If you’re looking for a two-word summary of how the administration is approaching some key foreign policy issues, from Iran to Syria, there’s no better description than “not now.”
Barring some unexpected turn that forces the president’s hand, there will be no October surprises. What you see now is what you’re going to get through November: a cautious approach on the issues of the day that avoids bold, unilateral action.
And that’s just fine. The last thing America needs right now is an ill-advised diplomatic blunder or military intervention. In the world Barack Obama inherited, presidential discretion in foreign policy really is the better part of valor.
Context matters. And whatever the president’s original risk-ready instincts when it came to transformative foreign policy initiatives, they are now fully under control. Obama came into office with the goal of altering the trajectory of the nation’s foreign policy. But after flirting with engaging the mullahs and the Syrians and pressing Israel on settlements, the administration came to its senses.
Obama settled into a less reckless, less ideological approach than his predecessor. But it was one very much consistent with Bush 43’s policies. The war on terror intensified, Gitmo remained open, sanctions on Iran toughened and relations with the Israeli prime minister settled down. It was no love-fest, but neither did it have the tensions of the president’s earlier campaign to push a settlements freeze.
The president’s approach to national security issues — including the bold operation to find and kill Osama bin Laden and the intensification of the drone war — made him look tough. Even Bush 43’s speechwriter, Michael Gerson, called Obama’s Nobel Peace Prize acceptance speech “manly.” And his orderly but earlier-than-scheduled withdrawal from Iraq made him look politically savvy.
Obama has emerged as a smart, risk-averse foreign policy president. His instincts are well suited for the times. The public is tired of costly quagmires abroad and instead is focused on domestic issues.
The Republicans Party is having a hard time finding a way to attack him on foreign policy and is relegated to drawing distinctions without much difference on issues such as Iran and Syria. To be sure, the handling of the Chinese dissident Chen Guangcheng and Obama’s crowing about getting Bin Laden on the one-year anniversary of the raid that led to his death suggest the president isn’t immune from stumbles. But he’s proved deft and competent, guided by a smart, deliberate and cautious style.
And so emerges the “not now” president. If there’s any doubt, look at U.S. policy responses toward Iran, Syria, the Arab-Israeli issue and North Korea. The goal is process, not outcome; deliberate, not bold initiatives; and multilateral, not unilateral action. The administration may be prepared to do something on any of these issues after November; it’s just not going to happen now.
Iran is the clearest example. No president could ever tell an Israeli prime minister not to defend the nation, but Obama made it as clear to Benjamin Netanyahu as any U.S. president could that a unilateral Israeli strike would be a very bad idea.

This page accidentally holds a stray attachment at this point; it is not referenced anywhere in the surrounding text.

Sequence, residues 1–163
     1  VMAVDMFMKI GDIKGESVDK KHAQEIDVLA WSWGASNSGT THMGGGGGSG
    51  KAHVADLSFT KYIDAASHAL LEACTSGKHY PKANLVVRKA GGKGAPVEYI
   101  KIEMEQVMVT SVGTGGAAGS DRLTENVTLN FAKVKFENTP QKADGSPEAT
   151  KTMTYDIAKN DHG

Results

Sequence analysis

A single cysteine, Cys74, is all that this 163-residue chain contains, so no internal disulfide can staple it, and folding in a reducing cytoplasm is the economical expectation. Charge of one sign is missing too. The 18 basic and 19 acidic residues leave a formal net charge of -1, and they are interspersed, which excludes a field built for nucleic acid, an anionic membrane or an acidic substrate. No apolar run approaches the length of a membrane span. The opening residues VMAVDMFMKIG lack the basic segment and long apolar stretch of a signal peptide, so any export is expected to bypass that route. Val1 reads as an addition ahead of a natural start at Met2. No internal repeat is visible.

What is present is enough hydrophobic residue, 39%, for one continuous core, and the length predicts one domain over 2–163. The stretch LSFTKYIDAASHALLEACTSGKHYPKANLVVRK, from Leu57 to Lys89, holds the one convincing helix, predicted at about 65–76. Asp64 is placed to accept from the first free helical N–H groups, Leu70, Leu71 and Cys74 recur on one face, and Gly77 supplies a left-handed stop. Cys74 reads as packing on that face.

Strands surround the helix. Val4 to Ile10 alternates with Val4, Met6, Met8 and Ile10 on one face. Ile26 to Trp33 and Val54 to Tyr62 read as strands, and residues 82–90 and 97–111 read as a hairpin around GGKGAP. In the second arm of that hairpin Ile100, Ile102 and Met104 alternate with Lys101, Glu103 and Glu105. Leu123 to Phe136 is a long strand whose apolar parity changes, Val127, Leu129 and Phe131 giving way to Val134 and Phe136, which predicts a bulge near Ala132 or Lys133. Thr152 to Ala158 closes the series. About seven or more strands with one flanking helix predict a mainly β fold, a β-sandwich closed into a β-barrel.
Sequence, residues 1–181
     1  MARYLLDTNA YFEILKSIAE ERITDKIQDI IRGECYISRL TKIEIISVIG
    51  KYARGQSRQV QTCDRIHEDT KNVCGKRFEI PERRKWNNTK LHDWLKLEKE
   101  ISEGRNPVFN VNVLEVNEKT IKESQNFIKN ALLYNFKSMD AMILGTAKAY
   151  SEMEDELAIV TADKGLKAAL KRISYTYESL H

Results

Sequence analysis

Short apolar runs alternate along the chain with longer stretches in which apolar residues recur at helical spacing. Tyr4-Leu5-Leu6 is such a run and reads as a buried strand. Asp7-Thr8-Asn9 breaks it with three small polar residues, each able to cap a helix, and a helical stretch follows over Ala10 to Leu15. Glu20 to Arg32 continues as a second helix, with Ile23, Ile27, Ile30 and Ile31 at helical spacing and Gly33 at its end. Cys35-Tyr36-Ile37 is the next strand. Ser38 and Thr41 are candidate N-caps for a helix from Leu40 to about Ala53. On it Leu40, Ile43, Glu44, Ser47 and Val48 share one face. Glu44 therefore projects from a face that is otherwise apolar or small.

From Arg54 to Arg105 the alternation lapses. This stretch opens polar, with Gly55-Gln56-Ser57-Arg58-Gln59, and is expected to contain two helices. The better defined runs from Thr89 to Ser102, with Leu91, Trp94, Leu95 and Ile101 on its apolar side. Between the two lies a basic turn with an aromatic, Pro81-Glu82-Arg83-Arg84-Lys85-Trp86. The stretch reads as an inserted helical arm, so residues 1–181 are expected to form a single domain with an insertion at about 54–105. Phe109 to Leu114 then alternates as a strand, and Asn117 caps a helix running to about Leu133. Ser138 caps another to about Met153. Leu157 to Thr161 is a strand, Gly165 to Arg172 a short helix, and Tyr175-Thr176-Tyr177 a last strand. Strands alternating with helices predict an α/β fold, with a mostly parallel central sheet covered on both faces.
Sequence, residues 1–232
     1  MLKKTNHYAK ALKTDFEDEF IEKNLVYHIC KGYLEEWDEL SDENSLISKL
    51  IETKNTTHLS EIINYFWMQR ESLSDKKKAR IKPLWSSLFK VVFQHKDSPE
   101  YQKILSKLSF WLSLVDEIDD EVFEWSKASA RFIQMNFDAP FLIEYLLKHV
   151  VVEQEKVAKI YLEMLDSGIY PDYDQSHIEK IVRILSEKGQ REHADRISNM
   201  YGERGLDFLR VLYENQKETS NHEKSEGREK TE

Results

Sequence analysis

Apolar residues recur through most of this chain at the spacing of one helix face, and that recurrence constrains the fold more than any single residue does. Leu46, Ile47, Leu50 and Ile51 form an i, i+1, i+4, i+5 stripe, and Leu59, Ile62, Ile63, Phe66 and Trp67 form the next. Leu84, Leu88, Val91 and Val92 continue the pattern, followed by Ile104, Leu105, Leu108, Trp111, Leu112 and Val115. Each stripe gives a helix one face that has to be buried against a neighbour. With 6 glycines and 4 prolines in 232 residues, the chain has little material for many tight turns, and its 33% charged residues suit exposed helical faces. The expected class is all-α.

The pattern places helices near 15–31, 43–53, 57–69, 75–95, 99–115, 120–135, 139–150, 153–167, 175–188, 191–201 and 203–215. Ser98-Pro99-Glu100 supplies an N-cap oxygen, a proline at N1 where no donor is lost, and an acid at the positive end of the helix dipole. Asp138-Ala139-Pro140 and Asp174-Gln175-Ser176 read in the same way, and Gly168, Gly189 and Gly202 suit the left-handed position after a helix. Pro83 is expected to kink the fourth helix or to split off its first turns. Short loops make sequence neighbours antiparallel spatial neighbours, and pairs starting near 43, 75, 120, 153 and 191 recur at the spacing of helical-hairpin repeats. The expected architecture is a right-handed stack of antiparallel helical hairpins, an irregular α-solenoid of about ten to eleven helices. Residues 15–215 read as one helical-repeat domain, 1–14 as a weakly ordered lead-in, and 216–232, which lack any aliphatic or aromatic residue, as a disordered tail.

For Obama, an Israeli attack would mean higher oil and gasoline prices, roiled financial markets, regional tensions, a stalled American recovery and more attacks on U.S. troops in Afghanistan. And for what? At best, an Israeli strike would buy a year or two until Iran’s nuclear program would be back on track, this time with more international legitimacy and support from the Russians and Chinese.
For Obama, handling Iran these days means tougher sanctions, buying time and space, restraining the Israelis and seeing if the five-nation talks with Tehran can produce a deal. More likely, there will be no big deal on the nuclear issue this year, but no war either. And not getting into another military conflict abroad is a good thing for a president who’s focused on extricating the United States from two of the longest wars in American history.
Ditto on Syria. Despite the brutality of the Assads, Obama is moving slowly, cautiously and multilaterally. A few neocons, some liberal interventionists and a couple of U.S. senators are urging more aggressive action, but the president has avoided even the appearance of the slippery slope of military intervention. That could change if the killing reaches new levels. But Obama will go to great lengths to avoid another open-ended military commitment.
The president also has de-escalated his war with Netanyahu. Israeli settlement activity continues. There are no negotiations with the Palestinians, and it’s unlikely there will be any. If Obama is reelected, he may choose to try to press the Israelis on peace issues. But right now, it’s just another one of those “not now” issues.
To Obama’s critics who argue that the president is sacrificing American interests and leadership with his “not now” approach, I’d say give me a realistic alternative. Yes, the president is making a virtue out of necessity because on these three issues, the only options run from bad to worse.
The “yes, we can” president confronts a “no, you won’t” world, and he’s handling it pretty competently. Sometimes getting out of the way of history is better than getting run over by it. You want big, bold diplomacy, talk to me after November. Just not now.
Aaron David Miller, a public policy scholar at the Woodrow Wilson International Center for Scholars, served as a Middle East negotiator in Republican and Democratic administrations. He is the author of “The Much Too Promised Land: America’s Elusive Search for Arab-Israeli Peace.”